Today we look at “Faith and Faithfulness,” the third of four parts in John Stackhouse’s discussion of “Principles of a New Realism.” (Chapter 8 in Making the Best of It.) We’ve already looked at “A Mixed Field, Mixed Motives, and Mixed Results” and “The Normal and Beyond.” “Liberty and Cooperation" will be the topic of the next post.
Faith and Faithfulness
Stackhouse identifies two important pitfalls. First, individually or as a group, we may arrogate God’s work to ourselves. Our efforts are equated with God’s efforts. Those not with us are defying God. We are unwilling to make common cause with others, Christian and non-Christian alike, who may not match up with our vision in all the particulars. Our zeal to do “the Lord’s work” can actually interfere with God’s work. We frequently we come off as pests and bullies.
Second, we may retreat from engagement with the world, while we seek pure hearts and clean hands, trusting that God will work everything out. As Stackhouse notes, “Political decisions, at least most of them, are made by those who show up.” (290) (By “political decisions” he means decision-making done in all spheres of societal life.) God is working in and through human institutions to bring shalom. We cannot be absent from them.
Stackhouse titles one subsection, “Irony, Paradox, Integrity, and Effectiveness.” Alluding to Frank Capra’s It’s a Wonderful Life as a parable, he points out how interwoven our lives are; how hard it is to anticipate how even small actions might have a future impact. Consequences of our actions frequently don’t match our intentions. We create welfare programs that encourage sloth and workfare programs that damage the innocent. Ironies are all too frequent. Yet we are called to persevere, in spite of what seems a tangled mess of paradoxes and complexities. This perseverance is key to what faithfulness means. Stackhouse writes:
But mindlessly engaging in a pattern of behavior, without regard to actual consequences, is not faithfulness. I really appreciated this passage:
Stackhouse draws on the Parable of the Talents in Matthew 25:14-30. The slave who hides and preserves his talent, and is therefore rebuked and condemned, “… is the very picture of integrity without effectiveness.” Faithfulness requires consideration of both integrity and effectiveness.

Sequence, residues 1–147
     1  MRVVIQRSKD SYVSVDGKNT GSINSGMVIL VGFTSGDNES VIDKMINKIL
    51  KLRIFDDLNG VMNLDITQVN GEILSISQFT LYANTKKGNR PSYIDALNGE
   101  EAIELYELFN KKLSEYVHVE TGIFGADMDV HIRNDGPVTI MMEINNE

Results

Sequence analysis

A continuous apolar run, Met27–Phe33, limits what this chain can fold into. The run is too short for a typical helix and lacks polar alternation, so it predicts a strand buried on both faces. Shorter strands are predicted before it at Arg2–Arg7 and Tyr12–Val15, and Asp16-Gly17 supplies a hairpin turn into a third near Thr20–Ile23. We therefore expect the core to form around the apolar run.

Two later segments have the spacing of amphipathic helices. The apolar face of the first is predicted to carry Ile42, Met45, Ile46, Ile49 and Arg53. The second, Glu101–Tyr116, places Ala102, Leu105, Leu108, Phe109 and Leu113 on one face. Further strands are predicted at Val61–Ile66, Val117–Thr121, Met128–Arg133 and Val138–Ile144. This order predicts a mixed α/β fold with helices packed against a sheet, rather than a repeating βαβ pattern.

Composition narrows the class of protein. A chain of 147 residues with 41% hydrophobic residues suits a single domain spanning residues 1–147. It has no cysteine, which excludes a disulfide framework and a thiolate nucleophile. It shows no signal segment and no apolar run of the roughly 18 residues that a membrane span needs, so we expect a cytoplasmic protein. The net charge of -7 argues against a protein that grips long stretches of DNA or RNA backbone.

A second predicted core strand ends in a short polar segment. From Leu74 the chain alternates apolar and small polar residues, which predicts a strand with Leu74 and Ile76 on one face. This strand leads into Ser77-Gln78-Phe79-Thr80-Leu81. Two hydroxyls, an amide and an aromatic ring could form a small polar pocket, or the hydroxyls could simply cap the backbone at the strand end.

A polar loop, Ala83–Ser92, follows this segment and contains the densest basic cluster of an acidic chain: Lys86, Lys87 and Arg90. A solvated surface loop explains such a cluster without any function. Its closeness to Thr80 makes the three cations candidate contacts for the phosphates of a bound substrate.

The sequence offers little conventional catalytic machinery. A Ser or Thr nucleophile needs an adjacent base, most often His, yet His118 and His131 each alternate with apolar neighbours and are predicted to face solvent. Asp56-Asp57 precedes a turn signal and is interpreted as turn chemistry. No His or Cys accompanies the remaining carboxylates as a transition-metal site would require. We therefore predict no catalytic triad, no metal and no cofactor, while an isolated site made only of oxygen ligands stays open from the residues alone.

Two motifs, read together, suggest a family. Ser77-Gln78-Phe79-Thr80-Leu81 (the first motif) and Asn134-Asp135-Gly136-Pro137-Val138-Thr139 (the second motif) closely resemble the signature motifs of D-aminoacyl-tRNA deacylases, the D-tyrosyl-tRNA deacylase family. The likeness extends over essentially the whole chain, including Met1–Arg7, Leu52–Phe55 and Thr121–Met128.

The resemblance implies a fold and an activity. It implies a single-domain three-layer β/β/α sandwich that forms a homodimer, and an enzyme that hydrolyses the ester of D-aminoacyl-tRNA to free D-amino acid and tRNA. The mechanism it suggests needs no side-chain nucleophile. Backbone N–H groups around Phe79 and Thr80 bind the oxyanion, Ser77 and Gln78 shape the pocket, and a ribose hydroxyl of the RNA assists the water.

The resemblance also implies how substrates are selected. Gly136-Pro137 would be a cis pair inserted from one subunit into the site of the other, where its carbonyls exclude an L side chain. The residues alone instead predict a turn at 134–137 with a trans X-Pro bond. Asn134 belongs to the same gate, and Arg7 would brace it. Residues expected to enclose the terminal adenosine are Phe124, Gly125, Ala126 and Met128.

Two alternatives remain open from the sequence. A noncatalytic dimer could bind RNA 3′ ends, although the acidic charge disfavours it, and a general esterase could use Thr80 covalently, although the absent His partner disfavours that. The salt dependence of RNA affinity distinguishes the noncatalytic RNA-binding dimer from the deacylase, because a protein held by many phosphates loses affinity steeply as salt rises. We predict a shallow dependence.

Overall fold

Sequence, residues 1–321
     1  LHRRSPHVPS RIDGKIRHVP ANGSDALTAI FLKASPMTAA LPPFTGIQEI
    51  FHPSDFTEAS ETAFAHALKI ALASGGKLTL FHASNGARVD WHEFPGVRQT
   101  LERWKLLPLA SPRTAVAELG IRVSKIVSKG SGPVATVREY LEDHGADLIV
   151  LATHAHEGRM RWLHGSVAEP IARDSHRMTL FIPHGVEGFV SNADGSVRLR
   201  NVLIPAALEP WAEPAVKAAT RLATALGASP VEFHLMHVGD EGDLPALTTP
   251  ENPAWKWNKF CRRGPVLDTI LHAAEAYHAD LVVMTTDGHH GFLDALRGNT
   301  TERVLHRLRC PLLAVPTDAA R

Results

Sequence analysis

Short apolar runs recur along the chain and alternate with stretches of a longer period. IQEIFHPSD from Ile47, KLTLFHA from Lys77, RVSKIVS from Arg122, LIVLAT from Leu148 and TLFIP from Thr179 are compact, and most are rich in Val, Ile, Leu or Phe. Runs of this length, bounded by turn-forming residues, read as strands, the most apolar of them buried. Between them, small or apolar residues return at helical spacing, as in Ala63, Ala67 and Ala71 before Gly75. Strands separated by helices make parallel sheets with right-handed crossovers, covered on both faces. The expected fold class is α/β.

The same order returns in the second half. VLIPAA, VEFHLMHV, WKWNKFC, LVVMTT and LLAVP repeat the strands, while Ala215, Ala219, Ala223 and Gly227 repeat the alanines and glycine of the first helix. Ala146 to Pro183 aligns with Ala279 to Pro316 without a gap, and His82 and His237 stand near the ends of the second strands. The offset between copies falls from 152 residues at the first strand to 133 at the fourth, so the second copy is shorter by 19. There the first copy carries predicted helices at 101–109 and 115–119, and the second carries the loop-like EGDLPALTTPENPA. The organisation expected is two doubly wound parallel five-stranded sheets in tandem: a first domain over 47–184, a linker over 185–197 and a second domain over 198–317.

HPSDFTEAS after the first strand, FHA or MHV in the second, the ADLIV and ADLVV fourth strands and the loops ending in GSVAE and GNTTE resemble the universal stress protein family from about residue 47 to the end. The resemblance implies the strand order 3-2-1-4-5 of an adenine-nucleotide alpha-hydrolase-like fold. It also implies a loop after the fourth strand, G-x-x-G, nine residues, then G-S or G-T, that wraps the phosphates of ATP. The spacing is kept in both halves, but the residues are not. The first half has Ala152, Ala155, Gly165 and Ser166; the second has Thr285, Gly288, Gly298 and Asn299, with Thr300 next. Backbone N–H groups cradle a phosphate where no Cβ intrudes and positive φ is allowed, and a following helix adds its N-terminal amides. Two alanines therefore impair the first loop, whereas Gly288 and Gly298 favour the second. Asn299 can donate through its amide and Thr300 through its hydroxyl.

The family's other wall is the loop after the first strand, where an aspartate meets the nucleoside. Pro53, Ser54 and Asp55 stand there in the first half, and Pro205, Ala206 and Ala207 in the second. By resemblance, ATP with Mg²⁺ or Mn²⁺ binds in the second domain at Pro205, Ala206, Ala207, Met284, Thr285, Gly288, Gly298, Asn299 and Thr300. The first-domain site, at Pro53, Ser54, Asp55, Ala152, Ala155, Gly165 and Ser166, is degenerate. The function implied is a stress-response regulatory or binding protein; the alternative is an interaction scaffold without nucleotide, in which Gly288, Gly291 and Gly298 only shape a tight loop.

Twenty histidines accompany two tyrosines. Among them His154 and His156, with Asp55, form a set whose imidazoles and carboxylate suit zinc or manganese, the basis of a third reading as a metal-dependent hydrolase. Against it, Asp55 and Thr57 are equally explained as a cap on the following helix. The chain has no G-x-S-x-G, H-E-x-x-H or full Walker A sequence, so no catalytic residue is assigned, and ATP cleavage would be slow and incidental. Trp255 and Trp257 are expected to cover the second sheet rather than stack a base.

Prudence and shrewdness are other virtues we would do well to cultivate. Individually and as groups, we are limited beings with limited resources. We have to discern where we should focus our efforts within our given contexts. Frequently that means tolerating things we find objectionable and working with others whose views we may find objectionable in order to be effective.
Again, God tolerates a certain amount of evil and does not try to fix everything at once. We should therefore be more godly and less fastidious. And we can do so because we hope in God who one day will make all things new. (295)
Stackhouse closes this section with observations about hope. We undertake our work without despair or desperation. He challenges the widely held view of total destruction of this world and an ex nihilo creation of a new world. He comments on II Peter 3:7, 10-13, showing that it is not about annihilation, but rather the imagery is akin to Noah's flood that washed away what was evil and left what was good. In this case, the imagery is a refiner’s fire burning away the impurities, leaving that which is pure. “… there is great discontinuity with the world as it was, but also great continuity." (296)
He closes, writing: